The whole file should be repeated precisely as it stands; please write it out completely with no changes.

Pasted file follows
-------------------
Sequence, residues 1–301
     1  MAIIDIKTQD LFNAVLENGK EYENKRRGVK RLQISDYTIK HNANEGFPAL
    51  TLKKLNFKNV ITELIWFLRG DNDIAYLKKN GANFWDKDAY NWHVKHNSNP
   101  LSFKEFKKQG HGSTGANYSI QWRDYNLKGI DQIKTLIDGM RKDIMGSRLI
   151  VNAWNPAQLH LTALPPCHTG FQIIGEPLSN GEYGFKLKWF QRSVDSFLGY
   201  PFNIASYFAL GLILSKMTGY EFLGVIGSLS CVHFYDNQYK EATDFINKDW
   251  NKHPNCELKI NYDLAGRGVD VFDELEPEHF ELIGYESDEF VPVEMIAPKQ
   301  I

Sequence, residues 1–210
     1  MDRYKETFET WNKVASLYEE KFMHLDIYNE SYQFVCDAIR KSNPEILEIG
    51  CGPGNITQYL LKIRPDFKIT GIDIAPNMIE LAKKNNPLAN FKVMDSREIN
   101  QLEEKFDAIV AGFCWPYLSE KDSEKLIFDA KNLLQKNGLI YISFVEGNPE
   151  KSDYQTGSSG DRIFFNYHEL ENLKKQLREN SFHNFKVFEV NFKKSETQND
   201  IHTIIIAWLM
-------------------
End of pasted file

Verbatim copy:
Sequence, residues 1–301
     1  MAIIDIKTQD LFNAVLENGK EYENKRRGVK RLQISDYTIK HNANEGFPAL
    51  TLKKLNFKNV ITELIWFLRG DNDIAYLKKN GANFWDKDAY NWHVKHNSNP
   101  LSFKEFKKQG HGSTGANYSI QWRDYNLKGI DQIKTLIDGM RKDIMGSRLI
   151  VNAWNPAQLH LTALPPCHTG FQIIGEPLSN GEYGFKLKWF QRSVDSFLGY
   201  PFNIASYFAL GLILSKMTGY EFLGVIGSLS CVHFYDNQYK EATDFINKDW
   251  NKHPNCELKI NYDLAGRGVD VFDELEPEHF ELIGYESDEF VPVEMIAPKQ
   301  I

Sequence, residues 1–210
     1  MDRYKETFET WNKVASLYEE KFMHLDIYNE SYQFVCDAIR KSNPEILEIG
    51  CGPGNITQYL LKIRPDFKIT GIDIAPNMIE LAKKNNPLAN FKVMDSREIN
   101  QLEEKFDAIV AGFCWPYLSE KDSEKLIFDA KNLLQKNGLI YISFVEGNPE
   151  KSDYQTGSSG DRIFFNYHEL ENLKKQLREN SFHNFKVFEV NFKKSETQND
   201  IHTIIIAWLM